After just a week of operations, the federal “cash for clunkers” program has used up the entire $1 billion it was allocated.
Does this make the program a rousing success? It depends on what its true aims were. If it was to give a boost to car dealers, who have been hard hit by the economic downturn, it has helped. If the goal, as the bill’s backers touted, was also to reduce oil consumption and greenhouse gas emissions, it is unclear that aim has been met.
Before putting more money into the program, members of Congress must find out if it is working.
Sens. Susan Collins and Dianne Feinstein, a California Democrat, have asked the Department of Transportation to assess the effectiveness of the incentive plan, officially called the Consumer Assistance to Recycle and Save, or CARS, program. Earlier this year, the senators sponsored legislation to create a stricter version of the program that included the purchase of used cars.
Under CARS, drivers can get up to $4,500 for trading in an older, less fuel-efficient vehicle for a new one that gets better gas mileage. The trade-in must be scrapped. The response has been overwhelming.
A Bangor Ford dealer has sold 70 cars and trucks under the program. A GMC dealer has sold about 40. The two dealers estimate they are owed a total of nearly $500,000 by the federal government for the “clunkers” they will take in. The U.S. Department of Transportation says that reimbursements for paperwork already submitted will be forthcoming.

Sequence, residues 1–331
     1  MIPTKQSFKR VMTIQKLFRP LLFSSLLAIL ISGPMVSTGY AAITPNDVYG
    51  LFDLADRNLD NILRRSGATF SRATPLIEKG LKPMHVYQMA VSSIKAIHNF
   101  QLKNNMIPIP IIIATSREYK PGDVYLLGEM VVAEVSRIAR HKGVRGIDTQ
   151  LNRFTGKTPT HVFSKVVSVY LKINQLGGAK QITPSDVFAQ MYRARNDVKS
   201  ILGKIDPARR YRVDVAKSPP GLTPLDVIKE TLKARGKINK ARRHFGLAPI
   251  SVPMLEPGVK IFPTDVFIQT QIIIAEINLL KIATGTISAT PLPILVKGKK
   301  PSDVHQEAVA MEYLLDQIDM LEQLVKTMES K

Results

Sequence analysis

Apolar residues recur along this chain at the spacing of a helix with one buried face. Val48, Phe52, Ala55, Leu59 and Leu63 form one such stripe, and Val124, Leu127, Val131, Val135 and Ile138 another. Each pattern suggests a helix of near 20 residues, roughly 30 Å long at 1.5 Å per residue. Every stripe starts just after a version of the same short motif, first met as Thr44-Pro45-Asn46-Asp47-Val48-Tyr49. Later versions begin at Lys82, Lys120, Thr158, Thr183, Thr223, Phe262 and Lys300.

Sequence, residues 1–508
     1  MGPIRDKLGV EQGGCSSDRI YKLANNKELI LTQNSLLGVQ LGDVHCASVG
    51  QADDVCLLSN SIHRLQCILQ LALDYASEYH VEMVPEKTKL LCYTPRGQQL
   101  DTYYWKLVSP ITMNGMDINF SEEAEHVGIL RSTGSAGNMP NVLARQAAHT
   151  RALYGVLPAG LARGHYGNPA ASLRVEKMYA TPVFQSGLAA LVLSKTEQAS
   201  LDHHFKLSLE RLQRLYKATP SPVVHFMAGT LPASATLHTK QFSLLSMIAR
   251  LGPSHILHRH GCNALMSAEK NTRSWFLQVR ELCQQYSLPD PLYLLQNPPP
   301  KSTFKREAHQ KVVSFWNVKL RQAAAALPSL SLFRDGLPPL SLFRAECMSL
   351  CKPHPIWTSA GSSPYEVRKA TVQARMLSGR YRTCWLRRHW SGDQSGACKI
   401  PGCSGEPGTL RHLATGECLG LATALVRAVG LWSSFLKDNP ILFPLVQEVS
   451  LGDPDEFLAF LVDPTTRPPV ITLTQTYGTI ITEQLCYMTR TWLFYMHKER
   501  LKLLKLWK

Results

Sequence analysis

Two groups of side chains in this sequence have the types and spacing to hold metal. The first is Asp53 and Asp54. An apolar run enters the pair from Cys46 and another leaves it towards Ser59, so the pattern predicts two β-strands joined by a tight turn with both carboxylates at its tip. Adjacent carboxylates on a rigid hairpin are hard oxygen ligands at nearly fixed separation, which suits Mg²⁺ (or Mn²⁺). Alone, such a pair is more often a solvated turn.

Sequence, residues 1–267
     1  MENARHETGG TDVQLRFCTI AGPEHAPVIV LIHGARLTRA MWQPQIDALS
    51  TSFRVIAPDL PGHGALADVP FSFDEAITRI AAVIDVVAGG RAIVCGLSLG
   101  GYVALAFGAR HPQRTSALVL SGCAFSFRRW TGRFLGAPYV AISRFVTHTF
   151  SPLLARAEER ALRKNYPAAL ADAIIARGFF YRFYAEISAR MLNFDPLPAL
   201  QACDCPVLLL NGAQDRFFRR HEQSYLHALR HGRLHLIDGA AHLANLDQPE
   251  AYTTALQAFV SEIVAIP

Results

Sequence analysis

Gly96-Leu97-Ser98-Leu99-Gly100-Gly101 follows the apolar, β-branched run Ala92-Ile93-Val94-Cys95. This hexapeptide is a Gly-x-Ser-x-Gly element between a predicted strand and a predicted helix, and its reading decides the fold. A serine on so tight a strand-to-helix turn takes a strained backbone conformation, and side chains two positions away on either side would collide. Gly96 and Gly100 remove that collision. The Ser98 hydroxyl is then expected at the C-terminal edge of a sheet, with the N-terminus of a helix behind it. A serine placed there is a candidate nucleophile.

Additional money is needed if the program is to continue, however. The U.S. House voted Friday to allocate $2 billion in stimulus money to the program. The Senate is now considering doing the same.
Part one of the program — stimulating auto sales — appears to have worked phenomenally. Now lawmakers must find out if their second goal — reducing oil consumption — is also being achieved.
Sens. Collins and Feinstein have asked for the transportation department for detailed information on the vehicles purchased and traded in. For example, what is the average age and fuel economy of the vehicles that have been traded in? What about the average fuel efficiency of the cars purchased? What is the difference, on average, between the vehicle traded in and the one purchased by vehicle class?
Clearly, the cash for clunkers program is very popular and Congress should not lose momentum by a long delay in deciding whether and how to continue the program. But it shouldn’t simply pour more money into it without knowing what it is getting in return.
Raising the fuel economy standards, as Sens. Collins and Feinstein call for, will help ensure the legislation’s oil consumption and emissions reduction goals are met. Under the current program, a fuel economy improvement of only 2 miles per gallon is needed to be eligible for a voucher. Including used cars, another proposal from the senators, will ensure that lower-income families can also take advantage of the program.